After years of quibbling, work is to finally begin on A5 upgrade in 2018
News that Stormont has finally given the green light to a major upgrade on "the most dangerous road on this island" has been welcomed.
The Department for Infrastructure confirmed yesterday the first sod for the new 53-mile (85km) A5 dual carriageway would be cut early next year.
The first 15km phase - stretching from Newbuildings to Strabane - will cost £150m, with the Irish Government paying half over three years.
As yet no funding has been agreed for the remaining two phases - Newtownstewart-Omagh and Ballygawley- Aughnacloy.
The department's permanent secretary Peter May said the decision was taken following "clear direction" from the previous Executive.
A recommendation from the Planning Appeals Commission and the department's own environmental impact assessment also influenced the decision.
West Tyrone SDLP MLA Daniel McCrossan described the current A5 as a "death trap" and said the new scheme could save lives and revitalise the economy in the north west.
"It's very difficult to measure how frustrating this process has been - it was promised 50 years ago, as well as in the Good Friday Agreement in 1998," he said.
"The A5 has taken so many lives in its current state and has prevented economic development, so this is an historic announcement."
Foyle Sinn Fein MP Elisha McCallion said: "This is a massive boost in terms of addressing the infrastructural deficit in Derry and connecting the north west to Dublin.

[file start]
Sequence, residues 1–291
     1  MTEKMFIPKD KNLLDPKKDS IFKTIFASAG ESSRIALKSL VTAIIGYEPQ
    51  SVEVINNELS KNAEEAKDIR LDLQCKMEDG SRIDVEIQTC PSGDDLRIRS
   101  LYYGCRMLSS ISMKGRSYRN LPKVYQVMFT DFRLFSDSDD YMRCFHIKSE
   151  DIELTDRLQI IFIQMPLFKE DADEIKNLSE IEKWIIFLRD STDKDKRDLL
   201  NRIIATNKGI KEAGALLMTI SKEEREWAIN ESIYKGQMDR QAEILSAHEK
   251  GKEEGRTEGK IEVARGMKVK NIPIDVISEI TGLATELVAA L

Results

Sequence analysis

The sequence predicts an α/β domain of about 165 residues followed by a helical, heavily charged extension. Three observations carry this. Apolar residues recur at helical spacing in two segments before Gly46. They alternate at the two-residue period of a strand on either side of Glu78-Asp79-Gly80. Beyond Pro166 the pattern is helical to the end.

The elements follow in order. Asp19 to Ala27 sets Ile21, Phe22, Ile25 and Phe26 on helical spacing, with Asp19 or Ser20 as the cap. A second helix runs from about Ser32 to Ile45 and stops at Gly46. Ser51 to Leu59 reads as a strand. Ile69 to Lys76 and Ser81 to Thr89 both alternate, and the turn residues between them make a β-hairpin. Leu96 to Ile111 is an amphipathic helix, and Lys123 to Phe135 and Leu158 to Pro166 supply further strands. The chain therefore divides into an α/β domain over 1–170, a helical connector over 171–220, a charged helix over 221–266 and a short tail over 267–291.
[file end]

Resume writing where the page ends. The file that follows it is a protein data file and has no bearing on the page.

"The A5 and A6 roads are essential to the economic development of the north west and with work already under way on the Derry-Belfast route, today's announcement is another huge vote of confidence."
John Armstrong, managing director of the Construction Employers Federation, said the investment had the potential to create hundreds of sustainable jobs.
With major upgrades also in progress for the A6, Mr Armstrong said it was a vital boost for the north west's economy.
"Once completed, all of the schemes, with the addition of the York Street Interchange, will significantly enhance Northern Ireland's strategic transport connectivity," he said.
But he warned that with no Executive currently in place, great care would be needed to balance resources for other areas such as road maintenance "to avoid a massive cliff edge" for the vast majority of firms not engaged in flagship projects like the A5.